The 5 Reasons I Became A Vegetarian

Yesterday I was so clever, so I wanted to change the world. Today I am wise, so I am changing myself. — Rumi

It started out as a new year’s resolution. When I announced to my friends in a pub on Boxing Day that I was going to give up meat for 2016 I didn’t really give the change much thought. A bit of tofu here, a few Quorn nuggets there, what’s the big difference?

In truth, I had no idea that embarking upon vegetarianism would change my outlook on life as much as it has. I have always felt compassion for all living creatures which was my initial reason behind going meat-free, however as I’ve continued it has become apparent that there are many other compelling reasons to go veggie. I may not have known it at the time, but here are a few of the reasons I became a vegetarian.

1. Animal Welfareorwell farm quote 2 5x5

Initially this was really the only reason I became a vegetarian. For years I had always ignored the contradiction of loving animals whilst eating them for dinner. The human ability to compartmentalise is impressive, so it’s easy to see how many of those who care for animals are happy to participate in a diet containing animal products.

Up until recently I would often feel sheepish for telling people I didn’t eat meat because I “don’t want to eat animals anymore.” On a couple of occasions I would hear opinions such as “…well, the animals are going to be killed anyway so what difference is it going to make?” In response I would just mumble something about it promoting a healthier lifestyle and then hope that the conversation would move on.

Since then I have grown more confident in broaching the subject. I am aware that my individual impact on the welfare of livestock is quite slim, however I can take solace in the fact that I am not actively participating in the intensive farming of animals for the purpose of human consumption.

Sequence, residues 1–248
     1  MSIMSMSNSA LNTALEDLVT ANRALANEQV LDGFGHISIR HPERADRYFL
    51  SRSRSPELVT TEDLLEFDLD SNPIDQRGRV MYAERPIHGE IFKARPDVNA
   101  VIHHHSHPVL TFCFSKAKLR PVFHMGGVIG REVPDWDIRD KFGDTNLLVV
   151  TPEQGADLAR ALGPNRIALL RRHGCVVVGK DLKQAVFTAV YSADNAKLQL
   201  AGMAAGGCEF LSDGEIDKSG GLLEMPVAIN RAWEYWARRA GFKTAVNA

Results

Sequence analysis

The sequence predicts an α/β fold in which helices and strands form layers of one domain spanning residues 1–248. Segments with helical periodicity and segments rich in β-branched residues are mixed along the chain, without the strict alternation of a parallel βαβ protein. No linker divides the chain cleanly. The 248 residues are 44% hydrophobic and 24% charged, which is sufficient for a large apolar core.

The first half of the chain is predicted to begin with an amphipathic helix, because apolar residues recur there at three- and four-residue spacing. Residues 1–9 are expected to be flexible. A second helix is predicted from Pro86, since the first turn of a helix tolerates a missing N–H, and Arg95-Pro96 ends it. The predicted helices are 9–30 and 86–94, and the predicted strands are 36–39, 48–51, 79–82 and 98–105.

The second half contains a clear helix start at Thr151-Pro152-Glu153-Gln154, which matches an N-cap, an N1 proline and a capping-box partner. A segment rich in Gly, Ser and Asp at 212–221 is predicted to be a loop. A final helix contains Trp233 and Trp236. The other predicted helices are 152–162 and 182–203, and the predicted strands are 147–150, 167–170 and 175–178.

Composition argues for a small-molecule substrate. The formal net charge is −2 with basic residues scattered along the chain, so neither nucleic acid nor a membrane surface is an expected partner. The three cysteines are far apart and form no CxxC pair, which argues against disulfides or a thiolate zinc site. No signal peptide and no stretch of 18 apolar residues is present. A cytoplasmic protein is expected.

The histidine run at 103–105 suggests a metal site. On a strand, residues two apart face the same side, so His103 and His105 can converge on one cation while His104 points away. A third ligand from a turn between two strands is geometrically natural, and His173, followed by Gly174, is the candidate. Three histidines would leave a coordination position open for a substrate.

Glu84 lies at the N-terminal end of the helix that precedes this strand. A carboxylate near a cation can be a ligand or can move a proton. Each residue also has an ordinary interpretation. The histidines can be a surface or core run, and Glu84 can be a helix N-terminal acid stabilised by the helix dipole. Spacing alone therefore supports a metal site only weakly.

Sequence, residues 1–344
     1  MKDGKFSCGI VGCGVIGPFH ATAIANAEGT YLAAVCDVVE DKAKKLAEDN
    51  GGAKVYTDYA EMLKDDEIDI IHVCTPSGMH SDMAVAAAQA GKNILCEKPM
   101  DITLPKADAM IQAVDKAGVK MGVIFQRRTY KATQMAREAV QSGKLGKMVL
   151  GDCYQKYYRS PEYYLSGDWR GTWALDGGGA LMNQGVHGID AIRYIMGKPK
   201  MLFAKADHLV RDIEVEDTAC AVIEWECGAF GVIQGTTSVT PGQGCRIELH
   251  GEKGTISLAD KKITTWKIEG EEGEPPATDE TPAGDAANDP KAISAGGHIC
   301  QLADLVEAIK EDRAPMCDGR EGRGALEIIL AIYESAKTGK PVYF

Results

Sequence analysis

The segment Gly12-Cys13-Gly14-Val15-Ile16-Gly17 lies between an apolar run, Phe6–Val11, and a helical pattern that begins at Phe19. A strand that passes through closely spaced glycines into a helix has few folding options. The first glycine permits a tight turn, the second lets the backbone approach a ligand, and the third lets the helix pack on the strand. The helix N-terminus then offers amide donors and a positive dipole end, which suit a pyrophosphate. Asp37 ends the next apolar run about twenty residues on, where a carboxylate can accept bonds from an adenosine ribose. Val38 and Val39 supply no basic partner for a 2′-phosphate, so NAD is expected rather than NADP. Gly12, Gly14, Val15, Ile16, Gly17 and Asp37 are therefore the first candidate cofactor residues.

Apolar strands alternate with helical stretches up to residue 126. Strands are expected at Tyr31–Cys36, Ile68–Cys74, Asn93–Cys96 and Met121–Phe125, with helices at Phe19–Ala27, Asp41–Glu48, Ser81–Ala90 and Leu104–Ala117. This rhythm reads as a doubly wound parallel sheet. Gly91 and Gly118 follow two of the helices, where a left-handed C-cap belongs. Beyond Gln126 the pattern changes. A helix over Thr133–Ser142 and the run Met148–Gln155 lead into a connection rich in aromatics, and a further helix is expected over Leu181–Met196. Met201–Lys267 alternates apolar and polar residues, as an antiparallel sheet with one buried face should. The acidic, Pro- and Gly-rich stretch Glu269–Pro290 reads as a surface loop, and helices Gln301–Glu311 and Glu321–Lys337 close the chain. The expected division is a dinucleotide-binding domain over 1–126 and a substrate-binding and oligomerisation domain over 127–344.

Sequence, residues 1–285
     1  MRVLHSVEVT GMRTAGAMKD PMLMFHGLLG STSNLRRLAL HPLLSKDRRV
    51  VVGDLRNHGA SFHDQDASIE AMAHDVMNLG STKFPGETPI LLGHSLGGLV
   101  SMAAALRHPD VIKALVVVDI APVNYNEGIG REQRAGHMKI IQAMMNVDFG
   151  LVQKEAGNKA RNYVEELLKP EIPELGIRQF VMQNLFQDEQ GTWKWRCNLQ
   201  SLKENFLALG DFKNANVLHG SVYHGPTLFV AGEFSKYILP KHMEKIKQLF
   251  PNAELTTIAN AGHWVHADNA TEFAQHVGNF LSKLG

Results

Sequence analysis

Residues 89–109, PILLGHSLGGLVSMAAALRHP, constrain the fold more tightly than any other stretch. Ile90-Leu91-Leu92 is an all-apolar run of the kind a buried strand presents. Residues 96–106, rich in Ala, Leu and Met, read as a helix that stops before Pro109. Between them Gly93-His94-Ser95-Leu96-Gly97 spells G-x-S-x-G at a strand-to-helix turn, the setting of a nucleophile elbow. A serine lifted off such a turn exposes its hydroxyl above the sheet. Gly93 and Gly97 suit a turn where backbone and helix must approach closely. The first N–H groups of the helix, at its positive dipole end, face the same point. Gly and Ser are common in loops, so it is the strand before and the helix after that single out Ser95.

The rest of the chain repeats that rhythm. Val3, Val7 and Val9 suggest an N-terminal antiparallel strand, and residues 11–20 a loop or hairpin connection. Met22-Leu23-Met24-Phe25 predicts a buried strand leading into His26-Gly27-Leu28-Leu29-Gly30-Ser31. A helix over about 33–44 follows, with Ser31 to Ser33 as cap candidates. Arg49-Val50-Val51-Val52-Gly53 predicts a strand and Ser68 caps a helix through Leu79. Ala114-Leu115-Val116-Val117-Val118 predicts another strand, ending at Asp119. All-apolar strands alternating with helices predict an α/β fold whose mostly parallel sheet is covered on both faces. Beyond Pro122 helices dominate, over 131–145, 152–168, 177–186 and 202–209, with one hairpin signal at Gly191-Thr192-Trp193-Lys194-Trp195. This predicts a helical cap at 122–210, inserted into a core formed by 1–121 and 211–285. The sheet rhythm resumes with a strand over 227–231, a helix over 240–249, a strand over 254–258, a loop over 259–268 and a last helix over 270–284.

2. Healthier Lifestyle

It goes without saying that by pursuing a diet with the word “veg” in the title, my fruit and vegetable intake was going to increase. I was, however, surprised to physically feel a difference so quickly. Soon after I made my resolution I felt that my stomach was flatter and I lost around 5lb without really noticing.

So how exactly is it healthier? It is proven that a vegetarian diet typically contains less saturated fat and cholesterol. As a result, it could be possible to avoid common diseases an illnesses that are borne of a poor diet.

Research has shown that vegetarians are less likely to suffer from obesity, coronary heart disease, high blood pressure, type II diabetes, some diet-related cancers, diverticular disease, appendicitis, constipation and gallstones. 
The Vegetarian Society – http://www.vegsoc.org

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It is important however to ensure that you are replacing the protein and iron found in meat products with equally nutritious ingredients. Green veg such as broccoli and spinach are an excellent source of iron whilst eggs, nuts and seeds can provide you with the protein you need for a balanced diet. Many delightful facts have been floating around the internet claiming that more protein can be found in a stick of broccoli vs. a cut of steak. Forgive me if I’m wrong but I believe these claims have since been debunked.